A Brief History of Firestorm, Part One
Last week I mentioned that I was so enthused by Firestorm: The Nuclear Man #23 that I went back and started reading through his earlier adventures, starting with his first appearance and working my way through the first few years of Fury of Firestorm. Now, I realize that most of you don't spend your days staring idly at sixty-odd long boxes of back issues like I do, but if you too have been gripped by Firestormania, don't fret. Over the next two days, as a public service, the ISB presents a primer on everyone's second-favorite flame-headed super-hero, starting tonight with the installment I just had to call...
The first thing you're going to notice about Firestorm is that he doesn't make a whole lot of sense, but really: With a costume as ridiculous--yet totally awesome--as that, you're pretty sure where you stand going into it. Essentially, he reads like a Marvel character in the DC Universe, which probably came as a breath of fresh air back in 1978. It's no surprise, though, considering that he was created by former Marvel Editor-in-Chief (and creator of the Punisher) Gerry Conway and Al Milgrom, who would go one to write one of the classic Hulk rampages of all time.
Firestorm's most distinguishing feature, aside from the fact that his head's on fire, is the fact that unlike most super-heroes, he actually has a triple-identity, made up of two average folks who fuse together to form one Nuclear-powered super-hero. Unlike, say, Moon Knight, who only thinks he's four guys.
Most important, of course, is high schooler Ronnie Raymond, who has the unique distinction of being the only character I have ever seen to be a jock that gets picked on at school by a nerd.
Yes, Ronnie's high school nemesis is Cliff Carmichael, a science geek with dire sideburns who gets his kicks calling Ronnie an idiot and never once gets a chin-check for his trouble. Every time Ronnie goes to clock him, something interrupts, usually in the form of Doreen Day, teenage Farrah Fawcett simulacrum and the hottest girl at Bradley High. She spends most of her time throwing herself at Ronnie and sporting a wardrobe that seems to consist solely of diaphanous blouses that occasionally have liquids spilled on them.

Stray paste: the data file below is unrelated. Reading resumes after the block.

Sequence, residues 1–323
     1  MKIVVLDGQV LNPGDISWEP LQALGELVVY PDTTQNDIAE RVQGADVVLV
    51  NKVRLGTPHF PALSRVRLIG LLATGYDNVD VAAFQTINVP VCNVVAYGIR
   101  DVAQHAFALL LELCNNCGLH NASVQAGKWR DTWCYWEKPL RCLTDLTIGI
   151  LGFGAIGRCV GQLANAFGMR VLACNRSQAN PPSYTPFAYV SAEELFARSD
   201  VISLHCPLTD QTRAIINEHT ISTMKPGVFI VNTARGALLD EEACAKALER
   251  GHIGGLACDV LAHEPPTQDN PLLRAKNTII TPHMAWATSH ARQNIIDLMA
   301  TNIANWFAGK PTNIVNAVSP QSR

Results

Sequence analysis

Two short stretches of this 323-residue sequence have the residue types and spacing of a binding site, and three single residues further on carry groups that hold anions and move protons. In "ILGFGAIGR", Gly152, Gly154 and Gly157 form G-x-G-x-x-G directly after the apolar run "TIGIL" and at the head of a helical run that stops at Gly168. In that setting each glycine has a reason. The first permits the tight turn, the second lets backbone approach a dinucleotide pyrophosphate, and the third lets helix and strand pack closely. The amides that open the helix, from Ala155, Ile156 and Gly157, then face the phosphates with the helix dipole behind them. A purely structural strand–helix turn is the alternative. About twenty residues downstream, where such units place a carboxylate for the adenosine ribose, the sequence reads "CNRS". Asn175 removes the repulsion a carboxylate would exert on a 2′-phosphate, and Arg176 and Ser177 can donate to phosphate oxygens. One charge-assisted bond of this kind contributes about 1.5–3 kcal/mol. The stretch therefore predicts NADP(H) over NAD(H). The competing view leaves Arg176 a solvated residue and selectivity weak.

Ronnie, who isn't exactly the sharpest knife in a bag of hammers, fails to get the point, constantly wondering if she likes him despite the fact that she all but invites him over for a quick roll in the hay after Trig. So yeah, Cliff probably has a point there. He's so oblivious to her advances, in fact, that he feels the need to impress her by--in a perfectly logical string of events--falling in with a group of terrorists who want to blow up nuclear power plants of the greater New York area. Ah, young love!
Enter Professor Martin Stein, a Nobel Prize-winning nuclear physicist who somehow managed to avoid getting his doctorate. He's working in the plant when Ronnie and the Coalition to Resist Atomic Power show up (Yes, that's right: their organization is known as CRAP, and yet someone still sold them dynamite), and one explosion later...
...Stein finds himself sharing his body with a naked teenager whose head is on fire. Just another Tuesday in the DC Universe.
Usually this sort of thing results in a career of ill-fated bank robberies that end with the Flash punching you into orbit, but it turns out that Ronnie and Stein are both decent folks, so Ronnie whips up a costume and goes to stop CRAP's evil plan. Incidentally, two-time Professional Bowling Association champion Mark Hale informs me that in an installment of Ask the Answer Man, Bob Rozakis said Al Milgrom based Firestorm's costume design on what he thought a fourteen year-old boy would think up. And what he chose was poofy sleeves. AL MILGROM = GENIUS.
For the remainder of the series, Stein spends most of his face time as a disembodied head, floating around and chatting with Ronnie and generally giving the Justice League the impression that maybe they shouldn't have extended membership to the guy with atomic restructuring powers who constantly talks to himself and turns things into plastic pumpkins. Stein does have his moments, however, like the time he loses his job and has to rely on Ronnie to hook him up with some employment:
Keep in mind, this man is a Nobel Prize-winning nuclear physicist. But I guess if sovereign princess of a mythical island of Amazons has to pull a double at Taco Whiz in between Justice League meetings, this sort of thing can happen to anyone.
The best thing about Martin Stein, though, is that for the entirity of the first series, he has no memory whatsoever of being Firestorm when he's split from Ronnie, so after dealing with Multiplex or whatever, Ronnie changes them back to their civilian identities, hands a confused Stein a few bucks for cab fare, and sends him on his merry way. Stein, who is understandably worried by his constant blackouts, especially with his sensitive scientific work for the government, even hires a private eye to follow him around before dealing with his problem in the only way he can.
He gets blind stinking drunk right before Ronnie changes them into Firestorm.
Truly, that is his finest hour. Well, either that or the way he reacts to Ronnie telling him that Lorraine Reilly (in her pre-Firehawk days) has the hots for his secret identity:
Next! A hero is defined by his villains! Firestorm? Well, he's probably more defined by his flaming hair than his punch-out with the Black Bison. Be here tomorrow when the ISB takes a look at Firestorm's Rogues Gallery!